Timing of concussion diagnosis is related to head impact exposure prior to injury
Beckwith J.G., Greenwald R.M., Chu J.J., Crisco J.J., Rowson S., Duma S.R., Broglio S.P., McCallister T.W., Guskiewicz K.M., Mihalik J.P., Anderson S., Schnebel B., Brolinson G., Collins M.W. Medicine & Science in Sports & Exercise. 2013; 45:747-754
Take Home Message: Delayed-concussion diagnoses are preceded by a higher number of impacts where as concussion diagnosed at the time of injury are associated with higher kinematic measures.
Diagnosis of a concussion is in part decided by whether an athlete reports one or more concussive signs or symptoms; however, it is not uncommon for athletes to report these signs and symptoms day(s) after an injury. The delayed reporting may be attributable to athletes not wanting to stop playing, athletes not recognizing that they were injured, the symptoms developing later, and/or perhaps different types of head impacts (e.g., locations of impact, frequency of impacts, force of impact). Understanding which factors are associated with delayed reporting may help us better understand concussions and recognize athletes who may report delayed symptoms. Therefore, researchers examined whether impacts associated with immediate diagnosis of concussion would have different characteristics (e.g., location, frequency, force) than impacts associated with delayed diagnosis. Football players from 8 colleges and 6 high schools wore instrumented [Head Impact Telemetry (HIT) system] helmets to record measures of head impact exposure (i.e., frequency, location, and kinematic response of head impacts) during a 6-year period. Ninety-five football athletes sustained 105 cases of diagnosed concussions (eight players sustained 2 concussions and 1 player sustained 3 concussions). The authors defined immediate concussion diagnosis as a concussion with 1 single identifiable head impact that lead to signs and symptoms and the athletes was immediately removed without reentry. Delayed diagnosis was defined as a diagnosed concussion, where the player was not immediately withdrawn and continued to play, and a clinician made a diagnosis later in the day or within the following days. The authors classified 45 athletes with an immediate diagnosis and 60 athletes with a delayed diagnosis. Both groups had similar durations of signs and symptoms (~ 6 days). Furthermore, most of the athletes sustained head impacts associated with a concussion to the front of the head (46%) or the top of the head 25%) and this was not different between groups. The authors found that athletes with an immediate diagnosis had higher impact measures, with the exception of peak rotational acceleration, compared to athletes with a delayed diagnosis. In contrast, athletes with a delayed diagnosis sustained twice as many impacts during the 7 days prior to the injury as well as almost 40% more impacts on the day of the injury compared to athletes with an immediate diagnose.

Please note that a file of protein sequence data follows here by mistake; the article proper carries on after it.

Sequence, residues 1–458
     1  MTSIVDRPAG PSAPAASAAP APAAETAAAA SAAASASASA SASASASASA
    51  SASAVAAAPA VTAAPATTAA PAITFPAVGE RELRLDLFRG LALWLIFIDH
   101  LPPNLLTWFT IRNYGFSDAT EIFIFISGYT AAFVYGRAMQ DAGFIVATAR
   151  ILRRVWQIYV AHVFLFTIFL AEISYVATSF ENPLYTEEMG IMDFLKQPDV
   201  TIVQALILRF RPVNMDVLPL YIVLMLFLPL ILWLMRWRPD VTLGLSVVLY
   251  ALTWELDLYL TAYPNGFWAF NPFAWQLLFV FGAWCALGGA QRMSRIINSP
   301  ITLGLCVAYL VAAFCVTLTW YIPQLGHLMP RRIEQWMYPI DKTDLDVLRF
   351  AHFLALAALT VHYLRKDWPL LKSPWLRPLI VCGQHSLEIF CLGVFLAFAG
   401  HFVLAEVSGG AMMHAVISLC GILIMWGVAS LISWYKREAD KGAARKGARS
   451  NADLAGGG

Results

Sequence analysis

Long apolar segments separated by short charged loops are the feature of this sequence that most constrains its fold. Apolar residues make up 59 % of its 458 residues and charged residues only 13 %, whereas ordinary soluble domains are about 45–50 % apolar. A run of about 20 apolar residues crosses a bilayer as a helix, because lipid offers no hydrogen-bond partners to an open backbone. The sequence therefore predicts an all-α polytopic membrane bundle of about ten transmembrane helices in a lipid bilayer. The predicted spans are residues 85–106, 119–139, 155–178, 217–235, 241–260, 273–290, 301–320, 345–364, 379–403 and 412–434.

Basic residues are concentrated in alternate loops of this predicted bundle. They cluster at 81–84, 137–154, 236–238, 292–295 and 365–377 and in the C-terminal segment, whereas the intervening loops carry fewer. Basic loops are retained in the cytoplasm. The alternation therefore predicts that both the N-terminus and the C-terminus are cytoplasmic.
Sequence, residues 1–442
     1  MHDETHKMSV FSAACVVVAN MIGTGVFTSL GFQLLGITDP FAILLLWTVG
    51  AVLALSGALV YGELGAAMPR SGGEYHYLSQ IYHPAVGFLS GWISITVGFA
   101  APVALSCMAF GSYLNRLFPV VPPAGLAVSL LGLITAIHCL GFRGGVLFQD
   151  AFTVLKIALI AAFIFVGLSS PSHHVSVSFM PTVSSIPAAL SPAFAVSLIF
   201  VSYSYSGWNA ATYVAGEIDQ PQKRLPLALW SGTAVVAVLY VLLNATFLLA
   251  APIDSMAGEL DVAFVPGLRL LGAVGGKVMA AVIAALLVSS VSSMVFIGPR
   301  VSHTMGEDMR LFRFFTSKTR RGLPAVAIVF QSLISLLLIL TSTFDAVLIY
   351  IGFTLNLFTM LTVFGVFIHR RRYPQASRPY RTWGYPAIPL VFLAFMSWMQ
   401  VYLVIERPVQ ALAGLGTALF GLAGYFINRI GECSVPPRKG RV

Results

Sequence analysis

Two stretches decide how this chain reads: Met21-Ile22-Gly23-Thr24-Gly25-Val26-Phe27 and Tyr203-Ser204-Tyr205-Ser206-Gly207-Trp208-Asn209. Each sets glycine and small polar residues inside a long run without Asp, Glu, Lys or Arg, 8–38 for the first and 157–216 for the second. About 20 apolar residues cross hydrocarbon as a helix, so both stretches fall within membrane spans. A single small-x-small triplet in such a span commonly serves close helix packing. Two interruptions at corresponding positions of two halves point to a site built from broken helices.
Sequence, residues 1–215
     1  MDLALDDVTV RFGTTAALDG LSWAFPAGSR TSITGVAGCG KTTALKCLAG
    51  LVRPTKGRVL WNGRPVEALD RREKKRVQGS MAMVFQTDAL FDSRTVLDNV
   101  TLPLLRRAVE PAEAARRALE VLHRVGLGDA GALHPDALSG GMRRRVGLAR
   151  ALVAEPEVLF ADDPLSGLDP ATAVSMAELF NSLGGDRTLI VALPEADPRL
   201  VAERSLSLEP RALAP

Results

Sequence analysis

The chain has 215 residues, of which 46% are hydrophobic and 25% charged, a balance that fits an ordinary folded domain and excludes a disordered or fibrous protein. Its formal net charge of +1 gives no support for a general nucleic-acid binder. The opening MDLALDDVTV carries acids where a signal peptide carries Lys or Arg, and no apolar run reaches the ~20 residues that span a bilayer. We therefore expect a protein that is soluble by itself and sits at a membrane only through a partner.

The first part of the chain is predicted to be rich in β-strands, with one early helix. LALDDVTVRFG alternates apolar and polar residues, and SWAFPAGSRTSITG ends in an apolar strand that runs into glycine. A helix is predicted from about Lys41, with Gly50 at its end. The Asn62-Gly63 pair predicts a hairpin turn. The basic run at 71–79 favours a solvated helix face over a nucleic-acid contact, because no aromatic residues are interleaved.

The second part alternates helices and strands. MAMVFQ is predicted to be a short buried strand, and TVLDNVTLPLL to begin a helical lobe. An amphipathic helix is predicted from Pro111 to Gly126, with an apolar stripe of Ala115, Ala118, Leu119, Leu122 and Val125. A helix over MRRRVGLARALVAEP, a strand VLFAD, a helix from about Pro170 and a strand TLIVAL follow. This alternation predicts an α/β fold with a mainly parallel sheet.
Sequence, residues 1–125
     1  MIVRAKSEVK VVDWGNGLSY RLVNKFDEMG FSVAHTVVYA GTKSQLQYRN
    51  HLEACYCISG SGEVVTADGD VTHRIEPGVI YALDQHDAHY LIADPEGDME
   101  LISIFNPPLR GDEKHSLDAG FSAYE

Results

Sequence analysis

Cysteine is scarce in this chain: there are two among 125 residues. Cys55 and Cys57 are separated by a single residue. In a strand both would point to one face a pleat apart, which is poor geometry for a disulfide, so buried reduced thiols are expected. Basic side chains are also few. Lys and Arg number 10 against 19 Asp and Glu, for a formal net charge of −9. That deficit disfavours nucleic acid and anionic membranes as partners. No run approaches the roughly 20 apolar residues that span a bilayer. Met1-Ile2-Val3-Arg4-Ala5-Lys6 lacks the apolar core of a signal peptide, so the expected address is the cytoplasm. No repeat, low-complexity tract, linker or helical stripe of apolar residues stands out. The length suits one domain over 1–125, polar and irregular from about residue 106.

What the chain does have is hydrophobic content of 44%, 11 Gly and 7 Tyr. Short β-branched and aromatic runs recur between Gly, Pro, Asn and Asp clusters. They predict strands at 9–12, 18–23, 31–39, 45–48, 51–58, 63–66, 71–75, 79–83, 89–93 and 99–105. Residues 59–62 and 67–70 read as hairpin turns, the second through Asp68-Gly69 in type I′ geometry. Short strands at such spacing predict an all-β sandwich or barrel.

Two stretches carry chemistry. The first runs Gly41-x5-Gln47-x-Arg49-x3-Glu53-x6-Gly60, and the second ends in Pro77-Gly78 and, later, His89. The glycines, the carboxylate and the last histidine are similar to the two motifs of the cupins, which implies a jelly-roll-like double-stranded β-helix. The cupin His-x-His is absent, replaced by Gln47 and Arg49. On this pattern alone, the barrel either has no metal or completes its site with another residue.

This study is important because it suggests that athletes who report delayed symptoms may be exposed to repetitive head impacts rather than the one big impact we’re accustomed to thinking about with concussions. Researchers have tried to determine a force threshold for diagnosing a concussion, but this study further complicates this since a concussion can result from not only from a single impact but from mild repetitive impacts. In addition, concussions can be difficult to diagnose due to the reliance of self-reported signs and symptoms. It was interesting to note that no matter when the athletes were diagnosed with the concussion it did not affect their recovery time, which suggests that multiple mild head impacts are just as severe as a single impact. Medical personal should be aware of those athletes with repeated impacts since this mechanism of a concussion is not as easy to identify, but may occur more frequently. Have you seen a difference in return to play in those that were pulled out right after an injury compared to athletes that continued to play with concussion signs and symptoms?
Written by: Jane McDevitt MS, ATC, CSCS
Reviewed by: Jeffrey Driban
Post Concussion Cognitive Declines and Symptomatology are not Related to Concussion Biomechanics in High School Football Players